4Ding, Y. ; Zhang, G. ; Chambers, T. ; Song, M. ; Wang, X. ; Zhai, C.: Content-based citation analysis : the next generation of citation analysis.
In: Journal of the Association for Information Science and Technology. 65(2014) no.9, S.1820-1833.
Abstract: Traditional citation analysis has been widely applied to detect patterns of scientific collaboration, map the landscapes of scholarly disciplines, assess the impact of research outputs, and observe knowledge transfer across domains. It is, however, limited, as it assumes all citations are of similar value and weights each equally. Content-based citation analysis (CCA) addresses a citation's value by interpreting each one based on its context at both the syntactic and semantic levels. This paper provides a comprehensive overview of CAA research in terms of its theoretical foundations, methodical approaches, and example applications. In addition, we highlight how increased computational capabilities and publicly available full-text resources have opened this area of research to vast possibilities, which enable deeper citation analysis, more accurate citation prediction, and increased knowledge discovery.
Themenfeld: Citation indexing
5Lee, C.J. ; Sugimoto, C.R. ; Zhang, G. ; Cronin, B.: Bias in peer review.
In: Journal of the American Society for Information Science and Technology. 64(2013) no.1, S.2-17.
(Advances in information science)
Abstract: Research on bias in peer review examines scholarly communication and funding processes to assess the epistemic and social legitimacy of the mechanisms by which knowledge communities vet and self-regulate their work. Despite vocal concerns, a closer look at the empirical and methodological limitations of research on bias raises questions about the existence and extent of many hypothesized forms of bias. In addition, the notion of bias is predicated on an implicit ideal that, once articulated, raises questions about the normative implications of research on bias in peer review. This review provides a brief description of the function, history, and scope of peer review; articulates and critiques the conception of bias unifying research on bias in peer review; characterizes and examines the empirical, methodological, and normative claims of bias in peer review research; and assesses possible alternatives to the status quo. We close by identifying ways to expand conceptions and studies of bias to contend with the complexity of social interactions among actors involved directly and indirectly in peer review.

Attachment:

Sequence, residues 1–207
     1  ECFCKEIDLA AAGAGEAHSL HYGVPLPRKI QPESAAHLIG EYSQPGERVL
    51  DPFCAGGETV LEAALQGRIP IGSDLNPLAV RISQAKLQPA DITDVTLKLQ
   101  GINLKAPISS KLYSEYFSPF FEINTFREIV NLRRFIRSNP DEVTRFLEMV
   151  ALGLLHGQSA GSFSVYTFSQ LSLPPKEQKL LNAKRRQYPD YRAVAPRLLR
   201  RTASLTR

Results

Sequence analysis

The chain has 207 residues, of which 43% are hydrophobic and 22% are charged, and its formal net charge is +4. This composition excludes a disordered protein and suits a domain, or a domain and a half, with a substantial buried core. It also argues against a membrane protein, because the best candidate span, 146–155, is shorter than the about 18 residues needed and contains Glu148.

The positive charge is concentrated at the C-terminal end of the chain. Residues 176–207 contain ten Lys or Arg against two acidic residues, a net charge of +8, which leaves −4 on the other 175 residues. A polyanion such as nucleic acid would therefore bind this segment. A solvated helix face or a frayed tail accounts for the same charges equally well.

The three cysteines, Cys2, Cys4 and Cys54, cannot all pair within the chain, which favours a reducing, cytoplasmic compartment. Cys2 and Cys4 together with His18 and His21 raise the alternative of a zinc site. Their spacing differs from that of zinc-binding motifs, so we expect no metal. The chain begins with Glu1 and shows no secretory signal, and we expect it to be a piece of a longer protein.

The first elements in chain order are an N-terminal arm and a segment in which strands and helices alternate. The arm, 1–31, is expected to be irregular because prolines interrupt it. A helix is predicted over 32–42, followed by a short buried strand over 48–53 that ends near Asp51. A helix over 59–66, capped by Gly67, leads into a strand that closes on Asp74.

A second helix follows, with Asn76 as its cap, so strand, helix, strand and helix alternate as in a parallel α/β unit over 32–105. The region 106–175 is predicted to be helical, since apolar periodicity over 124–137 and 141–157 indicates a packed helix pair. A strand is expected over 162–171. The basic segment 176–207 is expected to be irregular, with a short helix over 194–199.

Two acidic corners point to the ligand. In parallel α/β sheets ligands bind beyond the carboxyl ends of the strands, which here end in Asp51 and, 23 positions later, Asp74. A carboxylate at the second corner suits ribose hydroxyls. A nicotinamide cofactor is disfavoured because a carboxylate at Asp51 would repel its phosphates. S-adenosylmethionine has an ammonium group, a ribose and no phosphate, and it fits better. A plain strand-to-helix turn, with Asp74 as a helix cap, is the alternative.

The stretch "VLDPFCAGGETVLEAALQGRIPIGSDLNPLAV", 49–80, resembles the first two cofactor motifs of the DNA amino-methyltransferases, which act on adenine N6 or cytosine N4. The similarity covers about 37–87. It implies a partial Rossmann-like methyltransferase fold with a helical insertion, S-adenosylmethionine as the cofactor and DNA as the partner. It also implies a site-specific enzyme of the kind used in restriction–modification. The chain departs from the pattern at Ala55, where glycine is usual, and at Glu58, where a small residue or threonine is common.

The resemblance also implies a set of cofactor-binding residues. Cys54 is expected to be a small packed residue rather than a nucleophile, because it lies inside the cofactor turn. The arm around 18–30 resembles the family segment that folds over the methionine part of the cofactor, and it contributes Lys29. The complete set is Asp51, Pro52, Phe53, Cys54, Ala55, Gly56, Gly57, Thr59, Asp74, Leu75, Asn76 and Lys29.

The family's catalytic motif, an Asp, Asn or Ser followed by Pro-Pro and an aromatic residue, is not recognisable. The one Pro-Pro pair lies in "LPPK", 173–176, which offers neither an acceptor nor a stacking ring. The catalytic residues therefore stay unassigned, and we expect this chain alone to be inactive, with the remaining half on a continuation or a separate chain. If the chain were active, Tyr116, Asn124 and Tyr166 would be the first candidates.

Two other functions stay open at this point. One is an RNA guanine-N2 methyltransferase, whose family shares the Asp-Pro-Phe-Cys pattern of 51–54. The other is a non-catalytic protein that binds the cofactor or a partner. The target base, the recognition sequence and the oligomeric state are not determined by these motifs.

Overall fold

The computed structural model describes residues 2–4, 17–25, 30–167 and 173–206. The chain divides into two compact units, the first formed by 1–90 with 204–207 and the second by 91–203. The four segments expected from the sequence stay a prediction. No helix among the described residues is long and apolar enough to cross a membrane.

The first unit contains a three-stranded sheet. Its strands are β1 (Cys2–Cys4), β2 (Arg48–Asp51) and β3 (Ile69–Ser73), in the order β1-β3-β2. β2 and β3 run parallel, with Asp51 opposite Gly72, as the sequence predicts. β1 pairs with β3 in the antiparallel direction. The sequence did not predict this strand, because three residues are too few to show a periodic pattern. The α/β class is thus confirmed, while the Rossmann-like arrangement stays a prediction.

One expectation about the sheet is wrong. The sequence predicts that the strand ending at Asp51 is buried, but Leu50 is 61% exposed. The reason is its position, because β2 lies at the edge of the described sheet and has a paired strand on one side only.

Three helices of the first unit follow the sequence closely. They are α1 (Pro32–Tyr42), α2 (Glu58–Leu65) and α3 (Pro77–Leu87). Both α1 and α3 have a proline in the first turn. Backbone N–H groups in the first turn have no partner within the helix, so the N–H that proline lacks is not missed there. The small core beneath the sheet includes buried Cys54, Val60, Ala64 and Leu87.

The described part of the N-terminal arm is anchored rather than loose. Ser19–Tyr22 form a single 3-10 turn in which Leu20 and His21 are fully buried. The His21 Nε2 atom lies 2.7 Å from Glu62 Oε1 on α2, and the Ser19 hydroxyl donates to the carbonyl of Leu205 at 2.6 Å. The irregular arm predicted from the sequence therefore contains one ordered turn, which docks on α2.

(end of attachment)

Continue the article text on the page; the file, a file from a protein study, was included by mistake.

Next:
6Zhang, G. ; Ding, Y. ; Milojevic, S.: Citation content analysis (CCA) : a framework for syntactic and semantic analysis of citation content.
In: Journal of the American Society for Information Science and Technology. 64(2013) no.7, S.1490-1503.
Abstract: This study proposes a new framework for citation content analysis (CCA), for syntactic and semantic analysis of citation content that can be used to better analyze the rich sociocultural context of research behavior. This framework could be considered the next generation of citation analysis. The authors briefly review the history and features of content analysis in traditional social sciences and its previous application in library and information science (LIS). Based on critical discussion of the theoretical necessity of a new method as well as the limits of citation analysis, the nature and purposes of CCA are discussed, and potential procedures to conduct CCA, including principles to identify the reference scope, a two-dimensional (citing and cited) and two-module (syntactic and semantic) codebook, are provided and described. Future work and implications are also suggested.
Themenfeld: Citation indexing